As a developer there were lots of online tutorials I used (CodeAcademy etc) but research isn’t something you can learn in the same way! I’m learning a lot by observing other user researchers and asking questions all the time. We have a good user research community at work, people are always willing to help or answer questions about pretty much anything. I also use Twitter a lot if I have general questions I want to throw out to a wider audience.
As a non-binary person, do you think you have faced any challenges that others would not face in your position?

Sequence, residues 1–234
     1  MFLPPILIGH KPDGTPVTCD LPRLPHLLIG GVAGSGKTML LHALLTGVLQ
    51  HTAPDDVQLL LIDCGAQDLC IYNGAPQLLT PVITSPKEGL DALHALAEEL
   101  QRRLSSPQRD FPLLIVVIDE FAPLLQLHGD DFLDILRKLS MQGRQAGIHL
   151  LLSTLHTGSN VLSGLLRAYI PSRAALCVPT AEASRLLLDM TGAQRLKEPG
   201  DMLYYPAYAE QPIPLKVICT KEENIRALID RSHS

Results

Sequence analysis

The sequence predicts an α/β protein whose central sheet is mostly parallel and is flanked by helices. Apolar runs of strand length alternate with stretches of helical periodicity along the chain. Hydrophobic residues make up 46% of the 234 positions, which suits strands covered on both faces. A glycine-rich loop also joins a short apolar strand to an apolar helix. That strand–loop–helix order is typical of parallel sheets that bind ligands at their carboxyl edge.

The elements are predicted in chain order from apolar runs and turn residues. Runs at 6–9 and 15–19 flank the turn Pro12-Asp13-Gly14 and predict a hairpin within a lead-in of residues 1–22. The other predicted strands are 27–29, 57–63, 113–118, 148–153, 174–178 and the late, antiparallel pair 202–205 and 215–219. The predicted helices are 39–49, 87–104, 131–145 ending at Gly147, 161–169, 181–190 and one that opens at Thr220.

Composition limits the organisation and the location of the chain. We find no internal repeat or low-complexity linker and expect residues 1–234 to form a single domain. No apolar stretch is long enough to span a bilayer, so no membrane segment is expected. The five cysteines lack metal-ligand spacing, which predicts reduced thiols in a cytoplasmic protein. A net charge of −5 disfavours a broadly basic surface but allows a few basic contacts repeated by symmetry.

I’ve been lucky in that the jobs I had since I came out have been really supportive and understanding. It can make joining a new place daunting as I’m never sure when to bring it up; like I don’t really mention it in job interviews in case it’s the thing that gets me rejected (non-binary people aren’t protected under the Equality Act). I’ve encountered a lot of challenges due to looking like a woman, or during times when I identified as a woman. I think one of my biggest challenges is finding a support network of like-minded people. I don’t particularly like going to women in tech groups as I don’t really fit in, and even groups that are welcoming of non-binary people still slip into assuming everyone in the room is a woman. (“Good evening ladies”)
What has been your biggest challenge to date?